- Update: They claim data in Table 2 show high agreement but low consistency. The are incorrect, agreement indices are very low. K alpha = -.29 (ordinal, interval, and ratio), and ICC for agreement = -.38 single and -5.00 multiple raters. Moreover subject means in Table 2 show almost 2 SD difference, large ES difference.
- Is it possible to have high agreement but low consistency?
- Pearson r and Correlated t-test
- Can be used, but Pearson r is not a measure of agreement
- Cronbach's Weighted Kappa for ordinal data
- gamma? others?
- Krippendorff's Alpha for ordinal, interval, and ratio data
- Hayes' website: http://www.afhayes.com/public/kalpha.sps
- Copied syntax here: SPSS syntax
- Spring 2015 students noted errors with SPSS version 21 and 22; check syntax
- Intra-class Correlation Coefficient
- Absolute Agreement (scores match) vs. Consistency (patterns match)
- Multiple raters vs. single rater: multiple for studies that use scores combined across raters, use single for studies using scores from a single rater
- Sources:
- Hallgren (2012). Computing Inter-Rater Reliability for Observational Data: An Overview and Tutorial. Tutor Quant Methods Psychol.
- David P. Nichols (1998) Choosing an intraclass correlation coefficient (in SPSS). Explains different model options, difference between consistency and absolute agreement, and between single measure vs. average measure.
- Yaffee (1998) Enhancement of Reliability Analysis: Application of Intraclass Correlations with SPSS/Windows v.8. Explains differences in ICC provided by SPSS and gives examples.
- Notes:
- Wuensch (2014). Inter-rater Agreement. SPSS instructions with discussion.
- Krippendorff Alpha for ordinal data provides much better assessment than nominal measures (kappa, etc.) whenever there is any order to data. Source: Antoine, Villaneau, Lefeuvre. (2014) Weighted Krippendorff 's alpha is a more reliable metrics for multi- coders ordinal annotations: experimental studies on emotion, opinion and coreference annotation.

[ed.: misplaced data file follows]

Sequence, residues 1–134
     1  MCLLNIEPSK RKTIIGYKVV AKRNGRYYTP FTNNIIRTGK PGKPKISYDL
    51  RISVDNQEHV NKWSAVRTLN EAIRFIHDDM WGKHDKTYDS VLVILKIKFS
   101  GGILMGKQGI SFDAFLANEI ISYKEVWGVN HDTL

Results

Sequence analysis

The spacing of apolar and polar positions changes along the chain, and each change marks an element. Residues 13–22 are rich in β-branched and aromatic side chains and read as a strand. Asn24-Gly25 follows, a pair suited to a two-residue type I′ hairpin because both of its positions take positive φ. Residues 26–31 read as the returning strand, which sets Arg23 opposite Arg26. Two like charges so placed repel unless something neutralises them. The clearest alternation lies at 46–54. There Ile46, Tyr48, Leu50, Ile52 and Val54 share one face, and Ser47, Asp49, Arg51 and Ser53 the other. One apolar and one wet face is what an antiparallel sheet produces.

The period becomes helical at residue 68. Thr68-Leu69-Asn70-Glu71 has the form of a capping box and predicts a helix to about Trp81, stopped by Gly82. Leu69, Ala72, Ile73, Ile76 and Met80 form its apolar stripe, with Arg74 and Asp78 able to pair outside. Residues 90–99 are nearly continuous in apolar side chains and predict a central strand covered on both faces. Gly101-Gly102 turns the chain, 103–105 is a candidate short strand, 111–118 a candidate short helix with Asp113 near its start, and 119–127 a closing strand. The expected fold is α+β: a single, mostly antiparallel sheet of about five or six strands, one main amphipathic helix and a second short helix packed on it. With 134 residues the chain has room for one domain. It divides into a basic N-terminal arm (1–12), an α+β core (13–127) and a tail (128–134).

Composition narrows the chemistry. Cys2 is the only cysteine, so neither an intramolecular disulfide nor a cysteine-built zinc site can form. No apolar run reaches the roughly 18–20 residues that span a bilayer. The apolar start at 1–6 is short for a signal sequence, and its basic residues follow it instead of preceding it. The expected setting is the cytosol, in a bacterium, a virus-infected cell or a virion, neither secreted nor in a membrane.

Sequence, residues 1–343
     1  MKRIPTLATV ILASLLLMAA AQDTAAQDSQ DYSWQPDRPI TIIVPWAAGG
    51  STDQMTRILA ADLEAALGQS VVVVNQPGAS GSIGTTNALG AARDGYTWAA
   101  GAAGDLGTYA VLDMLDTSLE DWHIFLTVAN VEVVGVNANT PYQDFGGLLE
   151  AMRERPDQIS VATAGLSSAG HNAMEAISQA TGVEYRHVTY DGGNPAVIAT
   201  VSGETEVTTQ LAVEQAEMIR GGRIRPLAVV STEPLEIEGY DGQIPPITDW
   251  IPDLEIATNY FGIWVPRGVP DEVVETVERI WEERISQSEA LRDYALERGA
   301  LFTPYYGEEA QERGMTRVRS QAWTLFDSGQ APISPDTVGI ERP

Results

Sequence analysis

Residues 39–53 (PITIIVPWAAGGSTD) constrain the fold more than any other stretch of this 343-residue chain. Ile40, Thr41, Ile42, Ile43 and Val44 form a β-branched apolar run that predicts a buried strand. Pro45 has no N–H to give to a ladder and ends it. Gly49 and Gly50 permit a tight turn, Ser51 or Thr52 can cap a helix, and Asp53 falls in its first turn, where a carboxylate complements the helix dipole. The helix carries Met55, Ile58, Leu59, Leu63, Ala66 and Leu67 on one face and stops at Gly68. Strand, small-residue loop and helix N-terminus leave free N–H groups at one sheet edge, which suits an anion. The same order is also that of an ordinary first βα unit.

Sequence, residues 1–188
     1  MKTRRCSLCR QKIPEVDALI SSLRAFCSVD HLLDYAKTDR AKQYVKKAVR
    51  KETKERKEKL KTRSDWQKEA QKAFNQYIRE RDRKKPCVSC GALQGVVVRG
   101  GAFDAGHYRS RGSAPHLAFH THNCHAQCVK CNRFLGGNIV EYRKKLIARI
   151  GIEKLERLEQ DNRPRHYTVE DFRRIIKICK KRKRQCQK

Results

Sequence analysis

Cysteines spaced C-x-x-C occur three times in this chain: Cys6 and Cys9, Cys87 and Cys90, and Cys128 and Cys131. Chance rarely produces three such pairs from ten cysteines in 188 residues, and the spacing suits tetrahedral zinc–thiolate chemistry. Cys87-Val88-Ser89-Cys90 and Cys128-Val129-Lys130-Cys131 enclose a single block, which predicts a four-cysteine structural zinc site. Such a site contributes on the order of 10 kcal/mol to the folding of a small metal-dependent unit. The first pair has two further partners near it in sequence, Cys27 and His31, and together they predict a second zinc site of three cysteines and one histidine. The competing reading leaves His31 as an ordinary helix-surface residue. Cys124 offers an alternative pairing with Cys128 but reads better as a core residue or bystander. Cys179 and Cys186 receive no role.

- Three or More Raters
- Krippendorff's alpha
- Key benefit is ability to handle missing data from multiple raters
- Handles ordinal, interval, and ratio data
- Intra-class Correlation
- SPSS instructions and discussion: Wuensch (2013) The Intraclass Correlation Coefficient.
- Cronbach's alpha
- Not a measure of agreement, instead measure of pattern consistency
- Cronbach's alpha = ICC for multiple raters using consistency, but not for absolute agreement
- Can be used as aggregate measure of consistency across raters if mean score is to be used
- Source: Hayes & Krippendorff (2007; Answering the Call for a Standard Reliability Measure for Coding Data) explain this p. 81
- Other Measures of Agreement/Consistency
- Many measures exist. Some discussion can be found here:
- Barnhart et a. (2014). Choice of agreement indices for assessing and improving measurement reproducibility in a core laboratory setting
- Banerjee, Capozzoli, McSweeney, and Sinha (1999). Beyond kappa: A review of interrater agreement measures. Reviews a number of agreement measures.
- Euclidean coefficients -- https://conservancy.umn.edu/bitstream/handle/11299/114459/v15n4p321.pdf?sequence=1
- Loglinear models to examine patterns of agreement.
- Latent Class models
- Bennet's sigma
- Gwet's gamma
- Aickin alpha
- Concordance correlation coefficient (CCC)